Defiant Clinton Women Refuse To Support Obama

(Asked for a response, Obama campaign spokesman Nick Shapiro said, “At the Democratic convention, we will ensure that the voices of everyone who participated in this historic process are respected and our party will be fully unified heading into the November election.”)

Long-term, the fringe groups are talking about purging the Democratic Party of Obama supporters or even starting their own third party. Short-term, they are focused on ruining the convention.

“Hi everybody. I hope that the Denver convention will be turned into the American equivalent of Tiananmen Square,” wrote a commenter named “johninca” on a Web site announcing PUMA’s 2008 “convention” in Washington.

In an interview, Darragh Murphy, the founder of PUMAPac, called the meeting crucial to counteract Mr. Obama’s aggressive and prolific online supporters.

“I started saying this was more than my candidate versus your candidate,” she said. “We need to become a movement, too.”

Murphy filed papers with the F.C.C. to start PUMAPac on June 3 and claims it has since grown to 10,000 members and has raised $50,000. The PAC is funding a loft for bloggers in Denver, organizing delegate outreach and financing an anti-Obama movie, The Audacity of Democracy.

Ms. Murphy, a mother of three who lives outside Boston, believes that the only way to save the Democratic Party at this point is to destroy it. Mr. Obama must lose, and his supporters must be purged.

She said that Obama supporters have harassed her and her followers by banging on their windows with pots and pans in the middle of the night, making phone threats and leaving dead rabbits on their doorsteps.

“If this guy wins, that style of campaigning will become the de facto method,” said Ms. Murphy.

(On mybarackobama.com, one blogger accused Ms. Murphy, who voted for Mr. McCain in the 2000 Massachusetts primary, of being a McCain plant and called her a “Republican Astro-Turfer.” She denies being a plant.)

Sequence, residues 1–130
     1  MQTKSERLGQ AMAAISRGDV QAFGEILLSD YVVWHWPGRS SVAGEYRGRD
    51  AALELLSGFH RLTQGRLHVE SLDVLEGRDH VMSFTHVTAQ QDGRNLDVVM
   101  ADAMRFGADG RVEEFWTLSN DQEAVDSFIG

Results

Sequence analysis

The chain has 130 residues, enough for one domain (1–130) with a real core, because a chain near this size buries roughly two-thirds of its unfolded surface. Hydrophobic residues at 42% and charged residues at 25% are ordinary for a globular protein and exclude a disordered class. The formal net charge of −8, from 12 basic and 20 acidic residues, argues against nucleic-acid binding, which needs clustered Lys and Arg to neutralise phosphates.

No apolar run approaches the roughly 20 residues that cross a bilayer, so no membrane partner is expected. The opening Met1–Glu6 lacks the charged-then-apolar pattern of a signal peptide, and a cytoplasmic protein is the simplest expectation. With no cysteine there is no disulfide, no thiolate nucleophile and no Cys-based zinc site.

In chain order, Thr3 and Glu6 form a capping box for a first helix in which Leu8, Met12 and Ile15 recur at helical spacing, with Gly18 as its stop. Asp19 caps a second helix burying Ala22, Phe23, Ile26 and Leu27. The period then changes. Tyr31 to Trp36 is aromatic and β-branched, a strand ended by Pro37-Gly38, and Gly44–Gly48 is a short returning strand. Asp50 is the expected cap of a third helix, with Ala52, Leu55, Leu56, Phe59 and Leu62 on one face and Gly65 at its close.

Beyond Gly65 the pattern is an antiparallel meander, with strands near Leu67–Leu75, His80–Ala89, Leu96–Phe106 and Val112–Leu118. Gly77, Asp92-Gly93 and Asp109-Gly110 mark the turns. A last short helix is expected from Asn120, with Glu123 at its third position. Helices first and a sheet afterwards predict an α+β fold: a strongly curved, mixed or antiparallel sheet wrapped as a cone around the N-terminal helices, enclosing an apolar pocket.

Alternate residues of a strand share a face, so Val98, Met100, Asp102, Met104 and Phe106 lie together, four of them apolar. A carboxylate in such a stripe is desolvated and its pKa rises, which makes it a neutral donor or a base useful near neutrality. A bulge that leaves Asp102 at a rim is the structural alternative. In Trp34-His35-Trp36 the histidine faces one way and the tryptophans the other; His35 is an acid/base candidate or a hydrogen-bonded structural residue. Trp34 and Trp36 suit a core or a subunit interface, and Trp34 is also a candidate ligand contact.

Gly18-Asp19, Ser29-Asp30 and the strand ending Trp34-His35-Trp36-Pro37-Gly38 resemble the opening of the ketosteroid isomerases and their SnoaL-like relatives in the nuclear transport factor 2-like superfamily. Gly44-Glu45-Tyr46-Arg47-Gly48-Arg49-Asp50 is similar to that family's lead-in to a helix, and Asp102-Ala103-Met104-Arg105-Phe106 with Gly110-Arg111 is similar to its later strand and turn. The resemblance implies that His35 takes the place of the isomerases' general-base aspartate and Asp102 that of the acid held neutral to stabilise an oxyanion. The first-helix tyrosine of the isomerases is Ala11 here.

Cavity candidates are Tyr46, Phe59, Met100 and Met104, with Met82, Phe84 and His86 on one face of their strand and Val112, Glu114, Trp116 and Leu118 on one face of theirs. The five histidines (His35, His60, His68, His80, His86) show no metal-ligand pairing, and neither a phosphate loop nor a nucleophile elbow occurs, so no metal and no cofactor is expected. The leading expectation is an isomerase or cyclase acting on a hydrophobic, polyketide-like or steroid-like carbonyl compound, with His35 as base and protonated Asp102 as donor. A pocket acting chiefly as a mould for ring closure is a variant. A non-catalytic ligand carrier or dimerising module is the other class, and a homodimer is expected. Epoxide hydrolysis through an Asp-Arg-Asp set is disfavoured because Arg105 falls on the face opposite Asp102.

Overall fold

At the D.C. meeting with Ms. Murphy was Will Bower, the founder of PUMA08. A former administrator of Hillary Clinton’s Facebook group, “Hillary Clinton for President; One Million Strong,” he participated in the conference call on the night Mrs. Clinton suspended her campaign. That original 5 p.m. strategy call has now become a weekly event dubbed the “puma prowl,” during which rank and file members get their marching orders about what DNC switchboard to paralyze by mass-calling or which superdelegates to bombard with e-mail.

Superdelegates, of course, became irrelevant to the national political discourse the day Mrs. Clinton dropped out of the race. But for the most committed Clinton loyalists, they are still seen as the key to victory. And no one is as focused on lobbying them as Ricki Lieberman.

A former Hillraiser—a Clinton bundler who has raised at least $100,000—Ms. Lieberman, 61, drafts her “Electability Watch” newsletter every night in a cavernous apartment on Manhattan’s West End Avenue, which has played host to Governor David Paterson among other New York officials.

Part pep talk, part clip job, part poll update and part superdelegate call list, the “EW,” as it is known, is blasted out to hundreds of the Clinton supporters nightly. An Aug. 6 edition began, “This evening at a ‘thank you, Hillraisers’ event, Senator Clinton told me how honored she is by the people who are working to have her name put into nomination and appreciative of those signing the petition.”

On Aug. 7, Ms. Lieberman sat in a dining room decorated with menorahs and family photos, shooing her cat away from a bowl of cherries in the middle of the table. She wore a blue shirt with large orange beads and explained how she provides each recipient with the names and numbers of 18 superdelegates (symbolizing, she said, the 18 million voters who supported Mrs. Clinton in the primaries).

“It takes me an enormous amount of time,” she said.

Ms. Lieberman, a dyed-in-the-wool Democrat who has served as campaign treasurer for Representative Jerry Nadler, thinks she is helping the party by vetting Mr. Obama. She dismissed Mrs. Clinton’s calls for her followers to get behind Mr. Obama as a “mixed message” and lit up when the subject of a video of Mrs. Clinton speaking at a San Francisco fund-raiser came up.

In the video, Mrs. Clinton appeared to agree with the suggestion that her name be included on a roll call in Denver, to help with the process of emotional “catharsis” for her followers. Like many of the diehard Clinton loyalists fighting to get Mrs. Clinton’s name onto the roll call during the nomination, Ms. Lieberman took the senator’s remarks as a green light to continue.

“I really believe she will be the nominee—I wouldn’t be doing this if I didn’t,” said Ms. Lieberman, who met Mr. Obama once on the campaign trail. (“He didn’t pay a bit of attention to me,” she said. “He’s tall and looked around for someone more important.”)

When asked if anything, barring Mrs. Clinton’s nomination, would make her happy at the convention, she said, “I’m not sure there’s a happy ending.”

jhorowitz@observer.com